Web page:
Reward-related Brain Response and Craving Correlates of Marijuana Cue Exposure: A Preliminary Study in Treatment-seeking Marijuana-dependent Subjects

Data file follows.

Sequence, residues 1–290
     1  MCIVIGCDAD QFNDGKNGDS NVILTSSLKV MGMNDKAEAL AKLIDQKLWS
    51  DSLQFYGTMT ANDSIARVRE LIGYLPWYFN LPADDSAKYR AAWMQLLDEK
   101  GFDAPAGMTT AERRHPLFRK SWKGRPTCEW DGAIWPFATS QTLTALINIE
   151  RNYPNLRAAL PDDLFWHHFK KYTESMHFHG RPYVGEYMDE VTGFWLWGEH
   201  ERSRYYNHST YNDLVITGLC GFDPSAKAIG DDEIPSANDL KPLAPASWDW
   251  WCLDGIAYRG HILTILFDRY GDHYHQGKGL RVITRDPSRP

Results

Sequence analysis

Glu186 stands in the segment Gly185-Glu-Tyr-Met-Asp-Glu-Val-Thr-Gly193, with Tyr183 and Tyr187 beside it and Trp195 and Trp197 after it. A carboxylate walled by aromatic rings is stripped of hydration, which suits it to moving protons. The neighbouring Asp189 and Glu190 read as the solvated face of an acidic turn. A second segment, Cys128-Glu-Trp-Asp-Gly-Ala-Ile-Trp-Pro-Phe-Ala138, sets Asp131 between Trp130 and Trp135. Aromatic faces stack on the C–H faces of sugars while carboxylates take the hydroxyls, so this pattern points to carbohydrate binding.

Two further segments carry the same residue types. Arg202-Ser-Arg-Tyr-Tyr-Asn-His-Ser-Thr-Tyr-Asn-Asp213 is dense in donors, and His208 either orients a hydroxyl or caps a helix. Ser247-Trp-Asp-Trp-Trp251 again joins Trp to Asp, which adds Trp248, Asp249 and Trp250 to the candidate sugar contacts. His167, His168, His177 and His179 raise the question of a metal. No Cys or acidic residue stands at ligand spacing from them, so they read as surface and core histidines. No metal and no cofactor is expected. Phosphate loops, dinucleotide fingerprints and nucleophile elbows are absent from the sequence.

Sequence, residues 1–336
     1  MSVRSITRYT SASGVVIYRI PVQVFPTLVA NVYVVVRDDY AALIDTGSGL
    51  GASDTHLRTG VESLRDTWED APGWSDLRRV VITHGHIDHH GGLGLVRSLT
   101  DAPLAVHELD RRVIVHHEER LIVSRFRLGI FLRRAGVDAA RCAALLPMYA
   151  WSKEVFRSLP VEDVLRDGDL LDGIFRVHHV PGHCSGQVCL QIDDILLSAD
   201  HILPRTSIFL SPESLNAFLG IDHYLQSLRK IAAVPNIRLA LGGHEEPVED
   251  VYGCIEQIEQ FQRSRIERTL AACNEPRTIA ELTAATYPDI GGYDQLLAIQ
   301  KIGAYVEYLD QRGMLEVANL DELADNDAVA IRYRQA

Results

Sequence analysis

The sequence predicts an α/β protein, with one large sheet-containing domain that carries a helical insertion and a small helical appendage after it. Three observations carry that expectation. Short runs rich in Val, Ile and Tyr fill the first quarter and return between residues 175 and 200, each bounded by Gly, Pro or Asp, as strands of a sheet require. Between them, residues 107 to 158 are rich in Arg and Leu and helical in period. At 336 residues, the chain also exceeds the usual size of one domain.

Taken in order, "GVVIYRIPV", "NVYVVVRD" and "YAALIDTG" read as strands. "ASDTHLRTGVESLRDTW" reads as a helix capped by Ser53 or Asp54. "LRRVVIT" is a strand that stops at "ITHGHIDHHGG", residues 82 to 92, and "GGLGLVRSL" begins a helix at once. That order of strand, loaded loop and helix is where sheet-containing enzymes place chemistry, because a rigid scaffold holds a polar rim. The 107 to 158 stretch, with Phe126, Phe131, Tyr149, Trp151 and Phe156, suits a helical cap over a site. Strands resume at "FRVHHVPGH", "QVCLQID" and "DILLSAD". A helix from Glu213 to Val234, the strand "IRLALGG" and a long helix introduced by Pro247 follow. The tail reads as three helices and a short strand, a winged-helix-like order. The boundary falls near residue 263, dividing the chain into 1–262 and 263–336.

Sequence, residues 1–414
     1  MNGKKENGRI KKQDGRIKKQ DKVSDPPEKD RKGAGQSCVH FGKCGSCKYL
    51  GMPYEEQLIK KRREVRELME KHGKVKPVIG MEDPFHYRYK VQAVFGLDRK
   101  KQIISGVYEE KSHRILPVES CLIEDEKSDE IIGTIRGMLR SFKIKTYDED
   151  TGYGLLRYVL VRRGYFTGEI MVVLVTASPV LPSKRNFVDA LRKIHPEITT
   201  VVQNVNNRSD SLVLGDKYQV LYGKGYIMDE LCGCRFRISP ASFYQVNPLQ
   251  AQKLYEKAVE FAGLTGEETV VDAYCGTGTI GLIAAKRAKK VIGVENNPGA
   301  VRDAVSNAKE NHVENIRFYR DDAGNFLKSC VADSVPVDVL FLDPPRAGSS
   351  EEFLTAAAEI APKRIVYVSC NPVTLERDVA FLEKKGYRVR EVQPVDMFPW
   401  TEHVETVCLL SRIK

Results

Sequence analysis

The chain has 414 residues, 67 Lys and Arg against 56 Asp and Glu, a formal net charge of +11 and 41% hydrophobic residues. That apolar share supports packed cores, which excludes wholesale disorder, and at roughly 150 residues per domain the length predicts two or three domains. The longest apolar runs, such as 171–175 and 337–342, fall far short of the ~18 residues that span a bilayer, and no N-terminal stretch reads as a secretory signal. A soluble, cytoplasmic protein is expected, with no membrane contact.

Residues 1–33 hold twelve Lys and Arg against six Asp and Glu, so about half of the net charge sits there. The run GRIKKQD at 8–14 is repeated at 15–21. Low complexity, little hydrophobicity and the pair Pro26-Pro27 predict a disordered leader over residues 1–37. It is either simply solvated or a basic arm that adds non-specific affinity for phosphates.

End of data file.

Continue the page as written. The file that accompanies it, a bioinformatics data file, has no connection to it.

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Objective:Determining the brain substrates underlying the motivation to abuse addictive drugs is critical for understanding and treating addictive disorders. Laboratory neuroimaging studies have demonstrated differential activation of limbic and motivational circuitry (eg, amygdala, hippocampus, ventral striatum, insula, and orbitofrontal cortex) triggered by cocaine, heroin, nicotine, and alcohol cues. The literature on neural responses to marijuana cues is sparse. Thus, the goals of this study were to characterize the brain's response to marijuana cues, a major motivator underlying drug use and relapse, and determine whether these responses are linked to self-reported craving in a clinically relevant population of treatment-seeking marijuana-dependent subjects.Methods:Marijuana craving was assessed in 12 marijuana-dependent subjects using the Marijuana Craving Questionnaire–Short Form. Subsequently, blood oxygen level dependent functional magnetic resonance imaging data were acquired during exposure to alternating 20-second blocks of marijuana-related versus matched nondrug visual cues.Results:Brain activation during marijuana cue exposure was significantly greater in the bilateral amygdala and the hippocampus. Significant positive correlations between craving scores and brain activation were found in the ventral striatum and the medial and lateral orbitofrontal cortex (P < 0.0001).Conclusions:This study presents direct evidence for a link between reward-relevant brain responses to marijuana cues and craving and extends the current literature on marijuana cue reactivity. Furthermore, the correlative relationship between craving and brain activity in reward-related regions was observed in a clinically relevant sample (treatment-seeking marijuana-dependent subjects). Results are consistent with prior findings in cocaine, heroin, nicotine, and alcohol cue studies, indicating that the brain substrates of cue-triggered drug motivation are shared across abused substances.

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